38. Keohane, R.O. (1969) Lilliputians’ dilemmas: Small states in international politics. International Organization 23 (2): 291–310.CrossRefGoogle Scholar
  39. Keohane, R.O. and Martin, L.L. (1995) The promise of institutional theory. International Security 20 (1): 39–51.CrossRefGoogle Scholar
  40. Kitchen, V.M. (2010) The Globalization of NATO: Intervention, Security and Identity. London; New York: Routledge.Google Scholar
  41. Kleinschmidt, H. (2006) Migration, Regional Integration and Human Security: The Formation and Maintenance of Transnational Spaces. Aldershot, UK; Burlington, VT: Ashgate.Google Scholar
  42. Kupchan, C.A. (1988) NATO and the Persian Gulf: Examining intra-alliance behavior. International Organization 42: 317–346.CrossRefGoogle Scholar
  43. Kupchan, C.A. and Kupchan, C.A. (1991) Concerts, collective security, and the future of Europe. International Security 16: 114–161.CrossRefGoogle Scholar
  44. Kupchan, C.A. and Kupchan, C.A. (1995) The promise of collective security. International Security 20 (1): 52–61.CrossRefGoogle Scholar
  45. MacGregor, D.A. (2001) The Balkan limits to power and principle. Orbis 45 (1): 93–110.CrossRefGoogle Scholar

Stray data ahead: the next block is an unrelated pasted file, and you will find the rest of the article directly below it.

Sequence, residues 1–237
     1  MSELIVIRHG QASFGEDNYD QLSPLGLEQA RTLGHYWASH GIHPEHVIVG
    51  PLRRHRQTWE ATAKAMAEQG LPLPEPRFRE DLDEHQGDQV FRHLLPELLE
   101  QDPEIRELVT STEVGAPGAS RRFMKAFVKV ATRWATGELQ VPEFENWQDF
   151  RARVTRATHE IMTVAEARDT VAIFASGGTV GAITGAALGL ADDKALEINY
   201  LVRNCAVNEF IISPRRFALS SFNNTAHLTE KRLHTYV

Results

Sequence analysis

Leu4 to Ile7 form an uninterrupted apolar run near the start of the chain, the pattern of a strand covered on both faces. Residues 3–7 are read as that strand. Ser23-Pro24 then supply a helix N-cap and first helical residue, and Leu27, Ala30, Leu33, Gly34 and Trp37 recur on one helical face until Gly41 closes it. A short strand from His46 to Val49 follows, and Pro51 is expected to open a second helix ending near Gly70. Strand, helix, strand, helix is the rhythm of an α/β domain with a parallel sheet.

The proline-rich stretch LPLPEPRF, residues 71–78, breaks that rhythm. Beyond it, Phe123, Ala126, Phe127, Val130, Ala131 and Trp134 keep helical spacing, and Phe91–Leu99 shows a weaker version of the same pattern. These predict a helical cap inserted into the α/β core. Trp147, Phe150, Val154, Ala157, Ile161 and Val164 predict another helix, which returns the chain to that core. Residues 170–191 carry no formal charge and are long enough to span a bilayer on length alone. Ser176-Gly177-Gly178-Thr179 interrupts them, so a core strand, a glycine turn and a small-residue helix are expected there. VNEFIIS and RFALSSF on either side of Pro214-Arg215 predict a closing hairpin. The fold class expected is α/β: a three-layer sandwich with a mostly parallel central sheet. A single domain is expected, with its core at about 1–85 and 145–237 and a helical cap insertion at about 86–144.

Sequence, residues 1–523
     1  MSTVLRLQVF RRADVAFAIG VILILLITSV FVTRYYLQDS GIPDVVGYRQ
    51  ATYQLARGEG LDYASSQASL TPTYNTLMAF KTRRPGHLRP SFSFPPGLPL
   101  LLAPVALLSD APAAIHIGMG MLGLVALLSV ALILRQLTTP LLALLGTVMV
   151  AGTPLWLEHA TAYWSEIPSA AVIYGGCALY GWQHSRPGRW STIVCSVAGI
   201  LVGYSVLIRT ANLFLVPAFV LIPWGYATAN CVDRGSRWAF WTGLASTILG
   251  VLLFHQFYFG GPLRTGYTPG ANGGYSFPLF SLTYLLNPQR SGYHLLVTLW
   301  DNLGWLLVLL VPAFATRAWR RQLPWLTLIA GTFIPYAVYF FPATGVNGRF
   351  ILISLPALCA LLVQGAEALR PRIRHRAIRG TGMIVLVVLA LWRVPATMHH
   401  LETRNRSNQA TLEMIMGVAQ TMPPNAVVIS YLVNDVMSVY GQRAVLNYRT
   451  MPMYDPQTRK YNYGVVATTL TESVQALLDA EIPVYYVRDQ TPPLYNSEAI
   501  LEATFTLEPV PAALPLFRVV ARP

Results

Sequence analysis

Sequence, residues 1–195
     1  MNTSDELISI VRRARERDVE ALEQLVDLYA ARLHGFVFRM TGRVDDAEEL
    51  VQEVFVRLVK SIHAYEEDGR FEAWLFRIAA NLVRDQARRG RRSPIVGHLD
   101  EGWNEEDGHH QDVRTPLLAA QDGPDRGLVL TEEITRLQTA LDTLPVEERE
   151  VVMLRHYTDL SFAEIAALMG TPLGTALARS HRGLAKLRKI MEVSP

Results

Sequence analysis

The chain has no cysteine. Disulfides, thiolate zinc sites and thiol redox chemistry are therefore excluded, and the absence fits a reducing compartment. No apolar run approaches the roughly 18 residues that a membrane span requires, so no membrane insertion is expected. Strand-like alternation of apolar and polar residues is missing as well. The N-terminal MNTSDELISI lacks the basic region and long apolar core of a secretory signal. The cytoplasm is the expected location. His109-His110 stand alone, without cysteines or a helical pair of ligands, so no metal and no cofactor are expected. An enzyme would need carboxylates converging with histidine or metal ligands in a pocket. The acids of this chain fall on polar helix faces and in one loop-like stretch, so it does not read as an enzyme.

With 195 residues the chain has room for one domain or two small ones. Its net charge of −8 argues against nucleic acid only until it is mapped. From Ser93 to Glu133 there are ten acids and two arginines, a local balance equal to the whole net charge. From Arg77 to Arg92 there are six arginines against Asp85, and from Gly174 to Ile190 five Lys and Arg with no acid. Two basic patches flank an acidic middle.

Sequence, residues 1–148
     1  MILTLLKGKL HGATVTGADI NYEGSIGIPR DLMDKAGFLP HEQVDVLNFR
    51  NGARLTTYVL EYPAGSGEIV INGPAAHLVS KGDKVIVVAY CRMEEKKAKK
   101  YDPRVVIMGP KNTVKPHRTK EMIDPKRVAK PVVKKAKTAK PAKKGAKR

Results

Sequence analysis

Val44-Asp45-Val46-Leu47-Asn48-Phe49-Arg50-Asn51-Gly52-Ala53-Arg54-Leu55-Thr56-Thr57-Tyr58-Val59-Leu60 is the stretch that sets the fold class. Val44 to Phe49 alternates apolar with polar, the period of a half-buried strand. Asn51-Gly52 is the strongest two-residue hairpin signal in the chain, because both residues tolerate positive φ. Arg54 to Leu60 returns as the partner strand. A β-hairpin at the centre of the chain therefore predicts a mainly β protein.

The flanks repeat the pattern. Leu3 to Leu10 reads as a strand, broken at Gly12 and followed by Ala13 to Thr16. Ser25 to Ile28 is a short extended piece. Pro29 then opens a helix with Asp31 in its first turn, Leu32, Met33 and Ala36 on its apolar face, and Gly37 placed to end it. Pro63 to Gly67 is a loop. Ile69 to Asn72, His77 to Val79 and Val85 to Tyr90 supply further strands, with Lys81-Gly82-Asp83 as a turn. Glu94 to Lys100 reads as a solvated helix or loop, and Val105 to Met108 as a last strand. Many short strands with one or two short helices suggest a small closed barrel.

46. March, J. G. and Olson, J. P. (1989) Rediscovering Institutions: The organizational basis of politics. New York: Free Press.Google Scholar
  47. Markham, J.M. (20 July, 1989) For Europe, a New Look: Bush Fixes U.S. Role as More Modest One. The New York Times: A9.Google Scholar
  48. Marsh, S. (2006) The United States and the common European security and defence policy. In: J. Baylis and J. Roper (eds.) The United States and Europe: Beyond the Neo-Conservative Divide? New York: Routledge, pp. 89–106.Google Scholar
  49. Martin, M. and Kaldor, M. (2009) The European Union and Human Security: External Interventions and Missions. London; New York: Routledge.Google Scholar
  50. Mearsheimer, J.J. (1995) A realist reply. International Security 20 (1): 82–93.CrossRefGoogle Scholar
  51. Merritt, R.L. and Zinnes, D.A. (1988) Validity of power indices. International Interactions 14 (2): 141–151.CrossRefGoogle Scholar
  52. Murdoch, J.C. and Sandler, T. (1982) A theoretical and empirical analysis of NATO. Journal of Conflict Resolution 26 (2): 237–263.CrossRefGoogle Scholar